"During the Reformation of the 16th century, Protestants challenged the authority of the Catholic Church, including its toleration of surviving pagan traditions during Christmas festivities. For a brief time during the 17th century, Puritans banned Christmas in England and in some English colonies in North America because they felt it had become a season best known for gambling, flamboyant public behavior, and overindulgence in food and drink.

....Colonists from England, France, Holland, Spain, and other countries also gradually modified their Christmas ceremonies as they encountered new cultures and traditions in the New World. For example, in large towns, where diverse groups lived close together, the common ground for celebration could often be found in public and secular festivities rather than in potentially divisive religious ceremonies. Thus, at least in New York City, the winter's holidays often culminated on New Year's, not Christmas." (MSN Encarta Encyclopedia (online), Deluxe Edition, article: Christmas, section II: Origins of Christmas)


"In the United States and Canada, many elements of modern Christmas celebrations did not emerge until the 19th century. Before then Christmas had been an ordinary workday in many communities, particularly in New England, where early Puritan objections to Christmas celebrations remained highly influential. Among some groups, Christmas was an especially boisterous event, characterized by huge feasts, drunkenness, and raucous public revelry. In an English tradition that survived in some parts of North America, Christmas revelers would dress in costume and progress from door to door to receive gifts of food and drink. Most holiday gifts were limited to small amounts of money and modest presents passed from the wealthy to the poor and from masters to their servants. Families almost never exchanged Christmas gifts among themselves.

....Christmas gained increased prominence largely because many people believed it could draw families together and honor children. Giving gifts to children and loved ones eventually replaced the raucous public celebrations of the past, and Christmas became primarily a domestic holiday. (MSN Encarta Encyclopedia (online), Deluxe Edition, article: Christmas, section II: Origins of Christmas)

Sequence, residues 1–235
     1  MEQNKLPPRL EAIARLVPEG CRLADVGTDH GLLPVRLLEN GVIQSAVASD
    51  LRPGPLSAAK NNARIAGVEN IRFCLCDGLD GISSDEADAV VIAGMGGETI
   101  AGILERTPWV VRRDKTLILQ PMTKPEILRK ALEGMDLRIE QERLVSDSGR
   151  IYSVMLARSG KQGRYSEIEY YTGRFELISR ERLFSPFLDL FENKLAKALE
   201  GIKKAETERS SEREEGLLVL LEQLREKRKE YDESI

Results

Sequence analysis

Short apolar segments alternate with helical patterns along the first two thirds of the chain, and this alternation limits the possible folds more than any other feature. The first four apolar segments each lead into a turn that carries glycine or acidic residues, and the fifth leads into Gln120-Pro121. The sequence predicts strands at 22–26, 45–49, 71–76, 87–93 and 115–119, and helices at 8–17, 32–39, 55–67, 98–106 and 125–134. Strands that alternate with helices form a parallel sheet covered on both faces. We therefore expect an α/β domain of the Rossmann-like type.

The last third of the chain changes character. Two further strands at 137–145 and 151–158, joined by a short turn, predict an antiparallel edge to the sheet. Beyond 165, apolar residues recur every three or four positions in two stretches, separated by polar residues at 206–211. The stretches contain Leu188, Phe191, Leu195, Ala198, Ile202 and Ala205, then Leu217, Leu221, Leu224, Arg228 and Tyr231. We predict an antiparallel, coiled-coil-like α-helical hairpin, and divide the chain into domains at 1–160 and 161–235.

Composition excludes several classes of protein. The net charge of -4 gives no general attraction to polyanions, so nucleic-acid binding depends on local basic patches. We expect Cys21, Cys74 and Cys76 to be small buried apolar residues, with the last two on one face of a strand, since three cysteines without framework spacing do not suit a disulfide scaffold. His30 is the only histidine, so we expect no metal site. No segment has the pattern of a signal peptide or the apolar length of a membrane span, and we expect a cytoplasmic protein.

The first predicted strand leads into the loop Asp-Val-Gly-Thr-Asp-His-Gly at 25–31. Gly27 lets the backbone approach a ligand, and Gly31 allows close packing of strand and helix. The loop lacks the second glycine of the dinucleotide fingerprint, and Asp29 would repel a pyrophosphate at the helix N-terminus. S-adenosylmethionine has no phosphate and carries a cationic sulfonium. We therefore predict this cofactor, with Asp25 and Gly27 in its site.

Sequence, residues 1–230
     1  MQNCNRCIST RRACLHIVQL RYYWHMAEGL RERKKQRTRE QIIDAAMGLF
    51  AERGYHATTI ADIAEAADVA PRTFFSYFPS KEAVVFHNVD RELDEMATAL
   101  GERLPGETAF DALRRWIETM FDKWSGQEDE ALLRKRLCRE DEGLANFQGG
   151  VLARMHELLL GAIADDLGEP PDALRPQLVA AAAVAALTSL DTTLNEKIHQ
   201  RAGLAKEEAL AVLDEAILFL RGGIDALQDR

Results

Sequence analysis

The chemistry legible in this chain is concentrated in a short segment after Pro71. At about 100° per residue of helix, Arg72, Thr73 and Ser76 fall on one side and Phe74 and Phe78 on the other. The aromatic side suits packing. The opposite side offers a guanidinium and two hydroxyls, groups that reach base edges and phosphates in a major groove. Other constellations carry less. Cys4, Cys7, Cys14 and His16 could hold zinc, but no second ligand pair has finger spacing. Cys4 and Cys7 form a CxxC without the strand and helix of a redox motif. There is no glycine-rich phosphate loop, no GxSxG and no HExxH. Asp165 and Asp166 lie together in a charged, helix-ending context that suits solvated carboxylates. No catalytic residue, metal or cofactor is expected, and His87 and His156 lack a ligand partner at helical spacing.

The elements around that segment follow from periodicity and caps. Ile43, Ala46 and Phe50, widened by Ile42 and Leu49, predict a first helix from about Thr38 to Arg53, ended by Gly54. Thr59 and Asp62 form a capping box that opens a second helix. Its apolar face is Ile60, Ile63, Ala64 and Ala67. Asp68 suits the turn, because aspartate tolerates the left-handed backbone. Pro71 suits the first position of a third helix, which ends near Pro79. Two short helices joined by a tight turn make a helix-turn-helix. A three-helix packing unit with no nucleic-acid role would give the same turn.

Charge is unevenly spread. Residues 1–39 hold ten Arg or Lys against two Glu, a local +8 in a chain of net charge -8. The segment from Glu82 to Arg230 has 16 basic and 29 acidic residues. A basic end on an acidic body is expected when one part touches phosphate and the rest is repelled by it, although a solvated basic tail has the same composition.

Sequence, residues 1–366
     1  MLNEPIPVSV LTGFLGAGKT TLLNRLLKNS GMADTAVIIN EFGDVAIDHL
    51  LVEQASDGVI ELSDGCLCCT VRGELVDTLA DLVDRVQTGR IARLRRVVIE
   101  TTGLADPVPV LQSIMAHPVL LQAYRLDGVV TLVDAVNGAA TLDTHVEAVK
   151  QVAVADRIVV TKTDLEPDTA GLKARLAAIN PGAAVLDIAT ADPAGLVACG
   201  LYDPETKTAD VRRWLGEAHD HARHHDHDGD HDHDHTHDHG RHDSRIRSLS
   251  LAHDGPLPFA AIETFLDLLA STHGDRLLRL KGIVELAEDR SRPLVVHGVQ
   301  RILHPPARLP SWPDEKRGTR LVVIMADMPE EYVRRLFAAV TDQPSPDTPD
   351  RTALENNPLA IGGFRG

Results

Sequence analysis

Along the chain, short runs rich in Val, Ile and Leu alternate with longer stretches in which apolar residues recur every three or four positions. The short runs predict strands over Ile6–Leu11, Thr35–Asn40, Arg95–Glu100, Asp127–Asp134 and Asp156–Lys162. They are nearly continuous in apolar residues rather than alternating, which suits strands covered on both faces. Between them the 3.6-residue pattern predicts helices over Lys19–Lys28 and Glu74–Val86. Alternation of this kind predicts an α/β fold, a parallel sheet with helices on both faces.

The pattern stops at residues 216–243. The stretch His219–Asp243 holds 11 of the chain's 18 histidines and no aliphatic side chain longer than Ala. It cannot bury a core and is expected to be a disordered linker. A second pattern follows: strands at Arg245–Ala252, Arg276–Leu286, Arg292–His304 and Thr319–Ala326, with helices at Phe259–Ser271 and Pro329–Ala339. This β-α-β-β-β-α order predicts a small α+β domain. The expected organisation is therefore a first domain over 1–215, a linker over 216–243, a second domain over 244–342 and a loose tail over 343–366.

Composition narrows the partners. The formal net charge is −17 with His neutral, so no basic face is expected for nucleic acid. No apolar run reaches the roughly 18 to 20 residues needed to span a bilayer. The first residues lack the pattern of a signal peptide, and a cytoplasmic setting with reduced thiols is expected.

"The Bible provides no guidelines that explain how Christmas should be observed, nor does it even suggest that it should be considered a religious holiday. Because of the lack of biblical instructions, Christmas rituals have been shaped by the religious and popular traditions of each culture that celebrates the holiday....Christmas observances have also assimilated remnants of ancient midwinter rituals that celebrate the returning light of the sun following the winter solstice. For example, many cultures continue the pre-Christian custom of burning Yule logs during the midwinter season; the Yule log symbolizes the victory of light over the darkness of winter. The tradition of lighting the Yule log is still observed, especially by Europeans. Families light the log on Christmas Eve and keep it burning until Epiphany. Some families save the remains of the Yule log to help kindle the fire the following year. According to ancient tradition, the ashes provide protection against bad luck during the year.

"During the Christmas season Italians perform music at shrines of the Virgin Mary. They also play songs at the homes of carpenters in honor of Saint Joseph, who was a carpenter. On Christmas Eve, after a day of fasting, Italians enjoy a feast of eels and a spaghetti dish with anchovies called cennone. Santa Claus is not a prominent figure in Italian folklore. Instead, Italian children wait for La Befana, a good witch who rides her broom to their homes on Epiphany to distribute gifts. According to folk belief, La Befana—whose name refers to the word Epifania (Epiphany)—was too busy to accompany the Three Wise Men on their journey to visit the infant Jesus in Bethlehem. Now, to atone for her failing, she visits all good children, leaving treats. She also visits bad children and leaves them lumps of coal or bags of ash. (MSN Encarta Encyclopedia (online), Deluxe Edition, article: Christmas, section VII: Around the World, B: Among Roman Catholics, 1: In Italy)




©2002 Truth On The Web Ministries: All the articles originated by Kenneth Hoeck and/or Brian Hoeck may be freely distributed or mirrored as long as presented in their entirety (including this statement), attributed to Truth on The Web, and proper author credit given.